I’ve been posting about hand dyed fabrics quite a bit recently. Hopefully you are all enjoying that in addition to the recipes. I’m enjoying sharing my food and crafting adventures with you! Hand dyeing is my newest crafting love. It’s just so fun creating your own fabric, and I love the surprise of seeing how it turns out!
I just finished my latest batch which was mostly an experiment with mixing color. I recently ordered some charcoal gray, a bright fire red, and a navy blue. The pure dyes (and some of the mixed ones) tend to be fairly bright, so I wanted to trying toning them down a bit. I accomplished this by mixing pure colors together and also mixing them with charcoal gray.
We’ll start with the cooler tones. In the photo above, the fabric all the way to the left is charcoal gray by itself. The second from the left is an olive green, which was a mix of blue, yellow, and tiny bit of red. Oddly enough, when I was rinsing this one out the water ran a deep purple. The fabric must have absorbed most of the yellow and left more blue and red behind. The third from the left I honestly can’t remember what I mixed together to create that color, but I bet it was a mix of yellow, blue, and charcoal gray (I need to keep better notes!) The one all the way to the right is a chartreuse green created by mixing yellow with a tiny bit of turquoise.
And now on to the warmer tones. The fabric all the way to the left is fire red by itself. It turned out very bright, but a truer red than the fuschia red I used last time. The second from the left is fire red with charcoal gray. The third from the left is orange with a little yellow and charcoal gray. The one all the way to the right is mostly yellow with a little orange and a little charcoal gray. One thing that I noticed about a lot of the fabrics was that they have little speckles of other colors. I haven’t had this happen with other batches. This could be caused by the dye not being mixed up enough, or it’s possible that a little bit of the red dye got into some of the other dye baths. It’s not a bad effect necessarily and I’m sure it could be the perfect texture for certain things, but it’s not what I intended.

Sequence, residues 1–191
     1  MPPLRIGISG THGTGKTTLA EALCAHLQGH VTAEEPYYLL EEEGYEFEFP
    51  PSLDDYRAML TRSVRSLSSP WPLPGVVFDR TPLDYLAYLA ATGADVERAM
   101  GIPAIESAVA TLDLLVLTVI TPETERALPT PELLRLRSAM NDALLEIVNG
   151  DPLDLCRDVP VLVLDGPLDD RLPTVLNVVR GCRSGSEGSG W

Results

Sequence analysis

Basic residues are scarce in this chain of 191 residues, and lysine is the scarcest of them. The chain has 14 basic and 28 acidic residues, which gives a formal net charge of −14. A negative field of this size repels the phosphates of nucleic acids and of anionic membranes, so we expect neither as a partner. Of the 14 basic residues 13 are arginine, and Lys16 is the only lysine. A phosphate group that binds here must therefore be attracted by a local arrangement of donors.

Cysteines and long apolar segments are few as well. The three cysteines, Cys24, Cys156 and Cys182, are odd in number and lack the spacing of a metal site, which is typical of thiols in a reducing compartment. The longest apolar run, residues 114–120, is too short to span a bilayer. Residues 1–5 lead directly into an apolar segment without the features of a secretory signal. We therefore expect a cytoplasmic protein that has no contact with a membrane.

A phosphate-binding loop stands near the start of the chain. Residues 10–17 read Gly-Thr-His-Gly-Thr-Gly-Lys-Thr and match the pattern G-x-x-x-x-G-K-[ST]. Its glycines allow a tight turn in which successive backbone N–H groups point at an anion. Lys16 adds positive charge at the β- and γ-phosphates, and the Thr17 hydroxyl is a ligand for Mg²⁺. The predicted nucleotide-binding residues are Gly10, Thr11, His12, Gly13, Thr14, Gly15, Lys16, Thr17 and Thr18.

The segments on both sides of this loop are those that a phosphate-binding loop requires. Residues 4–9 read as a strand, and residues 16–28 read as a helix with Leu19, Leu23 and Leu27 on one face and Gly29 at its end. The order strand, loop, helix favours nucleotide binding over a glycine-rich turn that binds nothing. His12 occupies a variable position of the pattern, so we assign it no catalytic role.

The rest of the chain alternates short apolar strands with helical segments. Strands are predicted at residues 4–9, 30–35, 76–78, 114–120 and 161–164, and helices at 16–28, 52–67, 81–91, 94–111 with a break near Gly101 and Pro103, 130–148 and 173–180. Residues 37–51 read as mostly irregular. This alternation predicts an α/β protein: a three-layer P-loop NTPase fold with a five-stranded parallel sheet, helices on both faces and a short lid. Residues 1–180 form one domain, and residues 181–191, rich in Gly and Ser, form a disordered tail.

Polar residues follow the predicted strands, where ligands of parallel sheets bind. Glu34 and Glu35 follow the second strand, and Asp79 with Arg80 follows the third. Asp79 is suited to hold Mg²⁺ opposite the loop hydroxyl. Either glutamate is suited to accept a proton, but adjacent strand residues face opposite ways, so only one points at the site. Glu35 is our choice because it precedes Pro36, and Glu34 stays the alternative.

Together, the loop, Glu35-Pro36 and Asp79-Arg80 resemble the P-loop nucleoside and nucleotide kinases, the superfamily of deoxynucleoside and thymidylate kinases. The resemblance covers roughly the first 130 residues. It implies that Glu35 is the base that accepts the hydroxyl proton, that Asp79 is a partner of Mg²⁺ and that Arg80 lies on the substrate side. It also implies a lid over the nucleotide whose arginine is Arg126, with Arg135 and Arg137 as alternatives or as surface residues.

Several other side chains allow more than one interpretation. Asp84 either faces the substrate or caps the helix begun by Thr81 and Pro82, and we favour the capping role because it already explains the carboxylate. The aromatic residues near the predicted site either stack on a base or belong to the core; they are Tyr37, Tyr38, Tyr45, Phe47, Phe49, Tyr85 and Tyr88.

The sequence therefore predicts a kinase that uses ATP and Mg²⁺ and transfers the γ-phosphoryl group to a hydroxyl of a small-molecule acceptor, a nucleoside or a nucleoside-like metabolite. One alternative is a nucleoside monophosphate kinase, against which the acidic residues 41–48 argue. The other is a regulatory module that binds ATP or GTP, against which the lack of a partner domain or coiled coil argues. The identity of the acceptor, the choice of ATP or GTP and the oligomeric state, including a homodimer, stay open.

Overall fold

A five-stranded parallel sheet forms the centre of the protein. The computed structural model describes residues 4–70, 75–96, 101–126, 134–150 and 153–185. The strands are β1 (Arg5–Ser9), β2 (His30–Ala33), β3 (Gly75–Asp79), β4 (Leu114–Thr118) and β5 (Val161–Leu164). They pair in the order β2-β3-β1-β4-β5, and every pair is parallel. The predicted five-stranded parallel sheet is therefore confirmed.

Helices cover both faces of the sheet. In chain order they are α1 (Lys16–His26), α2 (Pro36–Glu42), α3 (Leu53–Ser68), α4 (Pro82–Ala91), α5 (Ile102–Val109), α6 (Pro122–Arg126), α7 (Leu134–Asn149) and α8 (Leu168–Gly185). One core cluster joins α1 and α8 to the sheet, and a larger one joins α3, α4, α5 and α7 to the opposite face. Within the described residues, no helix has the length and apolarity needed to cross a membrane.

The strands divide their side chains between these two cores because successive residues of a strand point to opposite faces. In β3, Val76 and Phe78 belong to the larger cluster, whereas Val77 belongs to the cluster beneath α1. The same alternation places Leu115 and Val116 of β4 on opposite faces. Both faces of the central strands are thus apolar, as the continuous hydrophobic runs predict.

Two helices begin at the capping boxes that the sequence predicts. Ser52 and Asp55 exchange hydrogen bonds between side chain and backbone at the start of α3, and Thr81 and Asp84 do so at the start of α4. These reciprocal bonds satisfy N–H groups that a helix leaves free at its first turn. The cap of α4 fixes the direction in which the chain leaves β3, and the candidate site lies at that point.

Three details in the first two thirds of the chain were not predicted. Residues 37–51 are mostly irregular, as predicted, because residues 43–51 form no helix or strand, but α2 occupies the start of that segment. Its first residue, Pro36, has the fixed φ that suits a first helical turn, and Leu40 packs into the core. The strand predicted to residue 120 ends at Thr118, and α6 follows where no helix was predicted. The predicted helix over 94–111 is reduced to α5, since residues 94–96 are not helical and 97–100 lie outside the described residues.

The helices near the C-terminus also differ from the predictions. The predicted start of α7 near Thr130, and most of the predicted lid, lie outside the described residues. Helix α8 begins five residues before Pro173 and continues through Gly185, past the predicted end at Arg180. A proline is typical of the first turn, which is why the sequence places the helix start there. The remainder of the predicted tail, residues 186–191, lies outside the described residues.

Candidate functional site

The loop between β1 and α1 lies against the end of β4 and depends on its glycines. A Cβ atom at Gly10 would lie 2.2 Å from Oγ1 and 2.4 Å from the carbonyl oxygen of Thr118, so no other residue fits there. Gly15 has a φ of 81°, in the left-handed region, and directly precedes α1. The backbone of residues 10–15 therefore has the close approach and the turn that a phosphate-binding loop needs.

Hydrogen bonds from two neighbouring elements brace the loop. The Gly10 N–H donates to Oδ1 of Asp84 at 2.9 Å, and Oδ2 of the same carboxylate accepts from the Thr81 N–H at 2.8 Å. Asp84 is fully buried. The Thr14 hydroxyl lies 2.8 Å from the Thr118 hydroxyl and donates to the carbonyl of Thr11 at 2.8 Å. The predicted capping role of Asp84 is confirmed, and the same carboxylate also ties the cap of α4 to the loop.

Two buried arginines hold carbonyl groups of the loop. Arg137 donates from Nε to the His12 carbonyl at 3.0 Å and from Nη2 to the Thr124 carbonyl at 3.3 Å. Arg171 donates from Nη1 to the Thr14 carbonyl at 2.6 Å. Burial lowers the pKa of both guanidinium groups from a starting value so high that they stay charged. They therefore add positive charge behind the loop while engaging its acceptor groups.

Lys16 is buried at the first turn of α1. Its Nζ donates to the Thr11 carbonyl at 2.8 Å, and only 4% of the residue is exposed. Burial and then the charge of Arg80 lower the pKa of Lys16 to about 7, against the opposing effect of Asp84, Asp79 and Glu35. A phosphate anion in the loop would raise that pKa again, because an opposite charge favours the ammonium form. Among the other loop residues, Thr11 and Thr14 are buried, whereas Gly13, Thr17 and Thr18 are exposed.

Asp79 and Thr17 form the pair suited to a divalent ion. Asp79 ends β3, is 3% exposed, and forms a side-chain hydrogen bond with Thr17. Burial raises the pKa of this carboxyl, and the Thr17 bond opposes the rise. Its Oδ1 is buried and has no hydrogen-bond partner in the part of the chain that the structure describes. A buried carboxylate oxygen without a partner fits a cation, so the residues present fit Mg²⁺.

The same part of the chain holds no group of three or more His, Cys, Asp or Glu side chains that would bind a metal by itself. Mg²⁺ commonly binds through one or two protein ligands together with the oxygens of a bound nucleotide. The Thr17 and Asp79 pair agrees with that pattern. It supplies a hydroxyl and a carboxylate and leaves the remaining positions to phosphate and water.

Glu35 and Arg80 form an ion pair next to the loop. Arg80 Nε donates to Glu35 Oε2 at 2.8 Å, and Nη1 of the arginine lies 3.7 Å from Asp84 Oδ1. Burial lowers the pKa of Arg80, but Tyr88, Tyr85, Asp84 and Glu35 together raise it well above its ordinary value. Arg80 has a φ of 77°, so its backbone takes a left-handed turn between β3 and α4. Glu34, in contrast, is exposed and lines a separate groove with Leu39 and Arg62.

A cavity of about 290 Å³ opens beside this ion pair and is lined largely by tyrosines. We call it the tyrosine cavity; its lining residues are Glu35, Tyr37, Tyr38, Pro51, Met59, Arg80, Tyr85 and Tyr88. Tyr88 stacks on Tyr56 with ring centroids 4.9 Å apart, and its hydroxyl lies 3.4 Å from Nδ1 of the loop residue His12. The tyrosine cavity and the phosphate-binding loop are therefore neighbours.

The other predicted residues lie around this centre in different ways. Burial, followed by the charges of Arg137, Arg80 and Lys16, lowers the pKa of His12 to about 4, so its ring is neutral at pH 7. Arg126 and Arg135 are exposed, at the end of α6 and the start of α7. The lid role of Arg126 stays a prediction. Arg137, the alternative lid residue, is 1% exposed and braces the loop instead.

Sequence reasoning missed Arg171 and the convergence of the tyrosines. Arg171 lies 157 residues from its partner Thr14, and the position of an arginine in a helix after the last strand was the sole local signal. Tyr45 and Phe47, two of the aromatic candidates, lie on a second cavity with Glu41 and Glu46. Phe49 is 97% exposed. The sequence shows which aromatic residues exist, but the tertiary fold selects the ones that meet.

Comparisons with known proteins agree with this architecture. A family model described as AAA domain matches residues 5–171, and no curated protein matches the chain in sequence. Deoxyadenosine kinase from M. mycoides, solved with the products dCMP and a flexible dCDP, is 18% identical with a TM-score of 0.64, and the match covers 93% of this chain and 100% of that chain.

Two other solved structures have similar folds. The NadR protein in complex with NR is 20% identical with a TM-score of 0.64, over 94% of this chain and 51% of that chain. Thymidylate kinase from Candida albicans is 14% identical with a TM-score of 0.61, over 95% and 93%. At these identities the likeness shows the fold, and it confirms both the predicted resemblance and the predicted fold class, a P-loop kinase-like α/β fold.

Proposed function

Last, but not least, I also experimented with shibori. Shibori refers to a variety of Japanese techniques including folding, wrapping, binding, stitching, and other ways of manipulating fabric to create patterns when dyeing.
I specifically tried the technique of stitching fabric using a running stitch and then cinching it up tightly. I just free form stitched circles following staggered spacing in rows. I cinched up each circle and tied off the thread before dyeing the fabric in navy blue. The photo above shows what it looked like after I stitched the circles. The photo below shows what it looked like after cinching the circles.
I’m really happy with the results of the concentric circle fabric! This was somewhat time consuming and a little challenging (of course that means I loved it!) The toughest part was cutting the stitches out after the fabric was dyed and dried. They’re cinched so tight it’s a challenge to snip the threads without cutting the fabric by accident.
The other didn’t turn out quite as well. I think I made the stitched design too intricate. You can see that the patterning did not show up in the center medallion except for the zig zag circle. The other mistake I made was using the wrong thread. I tried using cotton quilting thread, which is not strong enough to be cinched up without snapping frequently. Once I switched to a thick thread for sewing denim it went a lot smoother.
The circles around the outside were created by bunching up a little bit of fabric and wrapping thread tightly around it. I like the way these turned out. I will definitely be trying out more stitched shibori, and I look forward to using these fabrics to make quilts, pillows, and lots of other crafty things!